A University of Sunderland academic has contributed to a report for the Government Office for Science on its Rebuilding a Resilient Britain programme.
The programme was launched during the Covid-19 outbreak to address Britain’s recovery from the pandemic over the medium-to long-term. Rebuilding a Resilient Britain brought together groups of academics, policy makers and funders to focus on Areas of Research Interest (ARI) to support Britain’s recovery from the social and economic challenges facing the country. ARI are the research priorities of government departments which inform their research strategies, wider strategy and policy development.
Sunderland’s Professor of Enterprise, Leaza McSorley, who is the Co-Investigator of the Productivity Insights Network, chaired the Rebuilding a Resilient Britain sub-group on “Productivity, Business and National Economy”.
Professor McSorley said: “I was delighted to be part of this programme, and represent the University of Sunderland and the Productivity Insights Network.
“The Covid-19 pandemic resulted in a mobilisation of academic research and engagement with Government. Most of this activity needed to focus on the urgent matters at hand. Relying on academic research, data and analysis to protect lives, and livelihoods.
“However, the Rebuilding a Resilient Britain project had the challenge of attempting to develop research priorities for government, funders and academics looking to the medium and long term. The challenge was: what will we need to know in three to five years’ time, and what research do we need to do now to find that out?”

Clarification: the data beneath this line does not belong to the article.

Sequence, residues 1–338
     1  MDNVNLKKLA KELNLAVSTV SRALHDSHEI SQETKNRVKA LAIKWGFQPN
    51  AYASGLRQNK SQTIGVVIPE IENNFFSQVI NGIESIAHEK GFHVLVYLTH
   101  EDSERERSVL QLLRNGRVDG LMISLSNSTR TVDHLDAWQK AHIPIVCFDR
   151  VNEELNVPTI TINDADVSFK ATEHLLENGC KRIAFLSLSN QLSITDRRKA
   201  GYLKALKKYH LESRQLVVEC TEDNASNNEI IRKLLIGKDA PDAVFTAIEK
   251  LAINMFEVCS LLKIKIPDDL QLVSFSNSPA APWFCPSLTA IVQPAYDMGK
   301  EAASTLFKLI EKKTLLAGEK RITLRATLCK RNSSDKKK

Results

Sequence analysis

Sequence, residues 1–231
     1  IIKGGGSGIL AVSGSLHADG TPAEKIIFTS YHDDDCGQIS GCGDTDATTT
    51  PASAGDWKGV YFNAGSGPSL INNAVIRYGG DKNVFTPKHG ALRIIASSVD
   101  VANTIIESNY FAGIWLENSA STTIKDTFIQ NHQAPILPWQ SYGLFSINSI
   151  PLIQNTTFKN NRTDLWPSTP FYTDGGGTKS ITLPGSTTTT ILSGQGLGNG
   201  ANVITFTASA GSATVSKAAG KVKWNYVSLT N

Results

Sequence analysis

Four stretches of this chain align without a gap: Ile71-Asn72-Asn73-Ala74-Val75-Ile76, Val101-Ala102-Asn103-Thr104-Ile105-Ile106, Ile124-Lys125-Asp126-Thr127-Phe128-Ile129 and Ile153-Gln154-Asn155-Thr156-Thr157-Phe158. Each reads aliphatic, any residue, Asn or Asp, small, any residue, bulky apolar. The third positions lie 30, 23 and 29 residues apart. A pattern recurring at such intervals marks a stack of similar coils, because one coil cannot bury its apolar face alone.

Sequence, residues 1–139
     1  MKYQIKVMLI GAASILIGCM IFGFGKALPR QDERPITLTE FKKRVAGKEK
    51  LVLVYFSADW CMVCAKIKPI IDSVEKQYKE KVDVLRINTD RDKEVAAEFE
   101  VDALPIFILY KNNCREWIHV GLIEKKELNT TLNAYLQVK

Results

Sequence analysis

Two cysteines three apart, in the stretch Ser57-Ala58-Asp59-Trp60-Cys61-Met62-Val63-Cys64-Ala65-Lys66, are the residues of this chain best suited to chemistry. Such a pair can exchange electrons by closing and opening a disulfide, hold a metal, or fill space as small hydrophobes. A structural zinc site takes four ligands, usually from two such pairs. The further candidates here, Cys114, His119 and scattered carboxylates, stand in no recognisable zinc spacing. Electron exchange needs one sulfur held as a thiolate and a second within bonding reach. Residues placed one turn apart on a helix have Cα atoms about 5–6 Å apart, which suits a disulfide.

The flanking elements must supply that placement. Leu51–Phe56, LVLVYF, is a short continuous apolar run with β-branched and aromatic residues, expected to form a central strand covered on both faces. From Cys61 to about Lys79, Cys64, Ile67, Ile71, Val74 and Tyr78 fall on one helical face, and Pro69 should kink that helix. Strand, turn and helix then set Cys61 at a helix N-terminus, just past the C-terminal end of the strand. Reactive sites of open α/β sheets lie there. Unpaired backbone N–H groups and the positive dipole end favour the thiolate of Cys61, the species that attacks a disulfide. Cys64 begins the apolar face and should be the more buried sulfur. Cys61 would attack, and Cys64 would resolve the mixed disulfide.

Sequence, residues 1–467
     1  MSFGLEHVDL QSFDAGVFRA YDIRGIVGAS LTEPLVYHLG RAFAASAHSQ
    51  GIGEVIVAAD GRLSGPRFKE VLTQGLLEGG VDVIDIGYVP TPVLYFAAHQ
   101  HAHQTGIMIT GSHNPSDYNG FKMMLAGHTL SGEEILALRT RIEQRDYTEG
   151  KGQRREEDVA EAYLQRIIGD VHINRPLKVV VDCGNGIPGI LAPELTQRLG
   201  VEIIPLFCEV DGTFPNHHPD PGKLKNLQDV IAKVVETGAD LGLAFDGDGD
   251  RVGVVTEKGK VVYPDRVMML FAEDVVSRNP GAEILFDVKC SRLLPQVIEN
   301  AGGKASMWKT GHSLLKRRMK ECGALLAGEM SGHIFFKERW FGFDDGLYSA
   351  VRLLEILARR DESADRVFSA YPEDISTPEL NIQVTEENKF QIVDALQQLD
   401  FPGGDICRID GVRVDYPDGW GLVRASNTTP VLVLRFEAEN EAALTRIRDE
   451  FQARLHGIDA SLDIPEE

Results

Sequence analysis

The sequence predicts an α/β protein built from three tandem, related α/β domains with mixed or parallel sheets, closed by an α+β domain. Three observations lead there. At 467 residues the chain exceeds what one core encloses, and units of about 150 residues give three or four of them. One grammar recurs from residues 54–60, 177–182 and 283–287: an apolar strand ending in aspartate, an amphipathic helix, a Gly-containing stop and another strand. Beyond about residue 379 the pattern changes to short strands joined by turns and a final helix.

Rebuilding a Resilient Britain was supported by The Universities Policy Engagement Network (UPEN), which ensures diverse contributions in academic-policy engagement. It ran from July to October, with the final reports being produced in January. The various groups produced nine reports, totalling 528 pages and over 200,000 words.
From the Productivity, Business and National Economy
sub-group’s report, key evidence gaps and future areas of research interest include:
- Research evidence at a micro (firm/industry level) on policy and practice that prioritises/delivers both productivity and employment improvements
- Regional and structural inequalities and policy. Research that further develops regional-macro-economic linkages. Structural issues focused on labour markets and institutions
- Structural causes and drivers of low productivity and economic growth.
- Environmental sustainability and productivity and growth
- International best practice/comparative research
- Theoretical underpinnings of productivity
Professor McSorley says: “To Rebuild a Resilient Britain productivity research must now provide new solutions to new and different productivity challenges.”
Professor McSorley has written about her experience of working on the programme in a blog for the Productivity Insights Network. Click here.
The full report is available at: https://www.upen.ac.uk/go_science/